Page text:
One thing I love about Wilmington is its ample, diverse theatre scene. It provides a wide variety of shows for all types of audiences with quality and range. It’s great to live in a town that can support more traditional shows as well as something weird and wonderful like Panache Theatre’s “The Toxic Avenger Musical.”
For anyone unfamiliar with “The Toxic Avenger,” let’s have a quick primer: In 1984 famed cult-movie director Lloyd Kaufman launched “The Toxic Avenger” into the world. Like many of Kaufman’s films, it was brash, irreverent, crude, hilarious, and basted in bad taste. The story is of a nebbish nerd in New Jersey who is transformed into a mutant after being dumped into a vat of toxic waste. Instead of giving him terminal cancer, he is transformed into a horrific-looking monster with super strength, who vows to take down those responsible for turning New Jersey into a toxic dump.
There’s a number of cult movies that have made the successful transition into musical theater. John Waters’ “Hairspray” (1988), Daniel Waters and Michael Lehmann’s “Heathers” (1988)—which Panache did earlier in the year to rave reviews—Roman Polanski’s “The Fearless Vampire Killers” (1967), and Sam Raimi’s “The Evil Dead” (1981) are all movies that have been brought to the musical stage. “The Toxic Avenger” joins the joyous melange of musical mayhem brought to raucous life by local director Anthony Lawson. The show is the kind of over-the-top, go-for-broke production that channels the energy and devilish deviancy of classics like “The Rocky Horror Picture Show.”
The Front Street Theater (formerly City Stage) is a perfect venue for the show, too. The garbage-clad industrial set stretches to all four corners of the proscenium. The floor-level stage gives the performers the ability to work the crowd and play, and get face-to-mutated face with the audience. The show benefits greatly from a more intimate space where the classic rock-inspired score can make the entire theater tremble.
Brendan Carter brings a lot of personality to the protagonist role of Melvin/Toxie. He performs most of it in a rubber mask and neon green bodysuit. He does a solid job but feels slightly inhibited compared to the other four manic performers who are given a far broader spectrum with which play.
Kire Stenson continues to be Wilmington’s most potent stick of dynamite. She chews through every scene with potency. She sings, shticks and dazzles as both Melvin’s meshuga mother and evil mayor. One of the show’s high points is a duet requiring Stenson to play both roles in a slew of costume changes and manic moments.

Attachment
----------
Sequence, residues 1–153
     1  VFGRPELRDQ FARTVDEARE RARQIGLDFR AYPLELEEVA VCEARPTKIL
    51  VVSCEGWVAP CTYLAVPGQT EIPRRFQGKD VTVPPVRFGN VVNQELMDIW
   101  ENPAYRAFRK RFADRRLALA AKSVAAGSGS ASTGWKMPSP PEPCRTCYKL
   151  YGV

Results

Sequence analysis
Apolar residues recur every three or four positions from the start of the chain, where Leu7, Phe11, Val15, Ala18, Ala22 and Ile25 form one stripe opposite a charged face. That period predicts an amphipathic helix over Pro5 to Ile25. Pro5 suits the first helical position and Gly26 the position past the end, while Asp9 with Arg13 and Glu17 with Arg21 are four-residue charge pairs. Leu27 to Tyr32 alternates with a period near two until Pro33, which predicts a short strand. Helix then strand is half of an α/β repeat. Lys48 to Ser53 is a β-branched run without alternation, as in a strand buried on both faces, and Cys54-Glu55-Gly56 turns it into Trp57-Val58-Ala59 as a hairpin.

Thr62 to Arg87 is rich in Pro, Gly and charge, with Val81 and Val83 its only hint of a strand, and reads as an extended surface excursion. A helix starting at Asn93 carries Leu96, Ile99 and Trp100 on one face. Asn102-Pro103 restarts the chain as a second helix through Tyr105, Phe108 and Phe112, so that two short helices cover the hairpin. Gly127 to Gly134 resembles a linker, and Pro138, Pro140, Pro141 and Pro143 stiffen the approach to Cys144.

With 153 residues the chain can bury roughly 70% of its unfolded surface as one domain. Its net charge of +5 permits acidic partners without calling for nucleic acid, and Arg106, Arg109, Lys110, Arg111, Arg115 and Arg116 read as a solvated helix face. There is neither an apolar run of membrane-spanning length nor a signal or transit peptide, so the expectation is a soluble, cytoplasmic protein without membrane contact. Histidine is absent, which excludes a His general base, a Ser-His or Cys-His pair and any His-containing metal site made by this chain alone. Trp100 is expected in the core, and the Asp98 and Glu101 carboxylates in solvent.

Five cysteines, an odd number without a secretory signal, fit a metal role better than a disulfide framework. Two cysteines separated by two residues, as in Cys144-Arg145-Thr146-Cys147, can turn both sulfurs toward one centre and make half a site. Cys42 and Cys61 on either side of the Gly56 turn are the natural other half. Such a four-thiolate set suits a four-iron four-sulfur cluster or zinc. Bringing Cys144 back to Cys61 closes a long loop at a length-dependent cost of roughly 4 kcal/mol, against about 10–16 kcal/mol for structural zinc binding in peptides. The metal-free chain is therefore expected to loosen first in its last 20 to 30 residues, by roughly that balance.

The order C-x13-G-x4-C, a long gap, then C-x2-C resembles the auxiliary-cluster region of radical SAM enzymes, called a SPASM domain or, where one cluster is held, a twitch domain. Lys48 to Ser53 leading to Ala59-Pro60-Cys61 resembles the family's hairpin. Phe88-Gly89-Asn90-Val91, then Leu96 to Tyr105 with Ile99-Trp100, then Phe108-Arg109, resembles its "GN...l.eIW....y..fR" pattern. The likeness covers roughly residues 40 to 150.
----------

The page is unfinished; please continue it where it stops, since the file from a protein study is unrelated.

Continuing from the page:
Katie Villecco plays Toxie’s blind librarian love interest, Sarah, She shows off her pipes and comic stylings, as both are finely tuned. Villecco feels like a classically trained performer scratching a rock-n-roll itch—like a hard-rock version of Kristen Bell who fully embraces the dark humor of a blind librarian and all the great laughs mined at the character’s expense.
If there’s an award for marathon performances, it would have to go to Ty Myatt and Rashad James, who play every other character in the show. It requires a maddening pace and more costume changes than an obsessive-compulsive stylist. Bullies, policemen, scientists, old ladies, bitchy best friends, hairstylists—they do it all! They’re an energetic ensemble of two bringing a lot of broad comedy to the stage, and sticking most of the landings.
“The Toxic Avenger Musical” greatly benefits from a talented, funny cast that takes a slightly above-average book and infuses it with life. It is a show that benefits from momentum; the jokes and songs come at audiences fast, never lingering too long on those talky, story bits. The story about the evils of pollution and corporate greed is as timely as ever. Then again, it also seems like an excuse to tell a story about a murderous mutant more than moral and environmental inspiration. The four-piece live band brings a raw sound to the proceedings. As a musical, “The Toxic Avenger” is pretty good. Thanks to a passionate cast, it becomes something more.